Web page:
Love the dogs. So Coy was the first dog, what breeds do you think he was from? What breed(s) were his mate?
Coy just showed up one day and said he was going to work here. I said no. He said yes. I said no… This went on for days. He did things around the place and eventually I gave in. That’s how he figured to nail a job interview I guess.
Our pack is a pinch of German Shepherd, a pinch of Black Labrador and a lot of Other. You can see more on the Dogs Page and follow the links from there to stories about the pack who has live on Sugar Mountain for six generations.
That pack doesn’t look like it puts up with any crap!
They negotiate treaties with the local predators. Good treaties make for good neighbors. Poachers get eaten.
Just curious. What is the pack ranking of the each of the dogs in the picture?
I am asking because only Remus his his ears down which I suspect is a sign of a lower rank when in a group like in the picture.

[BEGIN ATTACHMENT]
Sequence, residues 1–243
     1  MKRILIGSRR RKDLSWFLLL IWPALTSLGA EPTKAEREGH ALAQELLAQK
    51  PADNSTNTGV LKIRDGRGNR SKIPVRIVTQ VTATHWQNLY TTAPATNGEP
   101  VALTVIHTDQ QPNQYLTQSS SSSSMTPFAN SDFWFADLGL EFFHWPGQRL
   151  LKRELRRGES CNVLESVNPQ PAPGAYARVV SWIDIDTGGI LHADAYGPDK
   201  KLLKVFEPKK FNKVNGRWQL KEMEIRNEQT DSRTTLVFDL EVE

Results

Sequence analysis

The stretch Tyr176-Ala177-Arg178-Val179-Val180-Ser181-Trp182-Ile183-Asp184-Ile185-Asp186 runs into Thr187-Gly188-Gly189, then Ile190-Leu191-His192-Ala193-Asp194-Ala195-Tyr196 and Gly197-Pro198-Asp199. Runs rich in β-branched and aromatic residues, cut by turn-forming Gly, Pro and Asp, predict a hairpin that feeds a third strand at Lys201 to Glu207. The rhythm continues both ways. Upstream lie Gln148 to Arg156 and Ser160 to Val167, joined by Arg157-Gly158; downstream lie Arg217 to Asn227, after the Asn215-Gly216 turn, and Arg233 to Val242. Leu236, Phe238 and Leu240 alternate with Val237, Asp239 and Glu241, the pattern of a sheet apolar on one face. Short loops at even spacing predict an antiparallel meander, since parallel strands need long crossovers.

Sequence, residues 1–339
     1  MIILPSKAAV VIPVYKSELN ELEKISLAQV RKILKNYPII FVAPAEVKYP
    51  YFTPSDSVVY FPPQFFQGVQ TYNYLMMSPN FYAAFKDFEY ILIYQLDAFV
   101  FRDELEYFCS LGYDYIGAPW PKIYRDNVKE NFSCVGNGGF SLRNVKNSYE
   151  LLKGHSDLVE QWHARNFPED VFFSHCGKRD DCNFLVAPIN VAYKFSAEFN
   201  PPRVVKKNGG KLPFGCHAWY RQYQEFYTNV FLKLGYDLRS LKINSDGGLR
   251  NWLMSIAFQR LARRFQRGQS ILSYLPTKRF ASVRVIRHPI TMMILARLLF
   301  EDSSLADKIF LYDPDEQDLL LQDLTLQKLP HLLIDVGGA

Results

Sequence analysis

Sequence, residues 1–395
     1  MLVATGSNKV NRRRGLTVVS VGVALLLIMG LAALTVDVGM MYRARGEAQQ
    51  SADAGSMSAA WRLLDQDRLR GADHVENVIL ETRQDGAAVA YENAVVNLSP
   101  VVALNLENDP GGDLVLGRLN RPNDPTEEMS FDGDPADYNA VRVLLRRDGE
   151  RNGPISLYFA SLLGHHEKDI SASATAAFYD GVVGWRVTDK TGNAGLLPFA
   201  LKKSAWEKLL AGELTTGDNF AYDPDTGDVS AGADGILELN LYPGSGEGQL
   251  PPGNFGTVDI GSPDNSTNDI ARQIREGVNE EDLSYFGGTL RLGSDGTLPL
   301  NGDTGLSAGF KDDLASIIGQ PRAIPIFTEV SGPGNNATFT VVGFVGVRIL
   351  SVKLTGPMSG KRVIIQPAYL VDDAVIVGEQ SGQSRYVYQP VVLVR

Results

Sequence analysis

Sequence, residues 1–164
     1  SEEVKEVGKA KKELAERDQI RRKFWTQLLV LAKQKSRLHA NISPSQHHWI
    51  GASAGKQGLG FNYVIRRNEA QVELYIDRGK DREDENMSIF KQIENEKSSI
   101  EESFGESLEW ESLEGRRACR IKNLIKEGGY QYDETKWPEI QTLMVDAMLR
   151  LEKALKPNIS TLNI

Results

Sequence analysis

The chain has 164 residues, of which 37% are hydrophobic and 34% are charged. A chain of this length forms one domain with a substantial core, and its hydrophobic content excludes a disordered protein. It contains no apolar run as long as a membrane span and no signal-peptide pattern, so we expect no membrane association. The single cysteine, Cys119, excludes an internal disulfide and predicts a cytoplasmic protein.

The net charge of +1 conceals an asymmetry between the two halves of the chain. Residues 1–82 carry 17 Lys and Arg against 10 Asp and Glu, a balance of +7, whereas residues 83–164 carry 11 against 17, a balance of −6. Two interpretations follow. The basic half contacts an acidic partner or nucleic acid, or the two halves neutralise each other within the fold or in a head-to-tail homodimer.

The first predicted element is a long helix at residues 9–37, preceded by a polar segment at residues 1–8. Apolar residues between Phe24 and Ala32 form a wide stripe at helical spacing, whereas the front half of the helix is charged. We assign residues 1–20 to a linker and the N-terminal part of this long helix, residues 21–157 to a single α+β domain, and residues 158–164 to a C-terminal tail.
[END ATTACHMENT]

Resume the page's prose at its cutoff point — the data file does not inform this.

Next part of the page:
Thanks ! Love our dog pictures.
Remus is the youngest although the tallest he is not the heaviest, it will be a few more years before he has put on full muscle at which point I think he will try to exert leadership. He has potential but sometimes finds himself on the wrong side of the fang for that.
Hello Holly and Walter. Are you telling me these husky/malamute type dogs don’t chase or kill livestock? Amazing. While I am not in the market for a dog, I do wonder if you share pups with other farms looking for a good working guardian dog. A friend had a while to finally find a good working English Shepherd after losing a beloved husky to old age(husky was NOT a working farm dog). Interesting you can “have your cake and eat it too” with a husky-type working farm dog. Do you have any pictures of your “Coy”?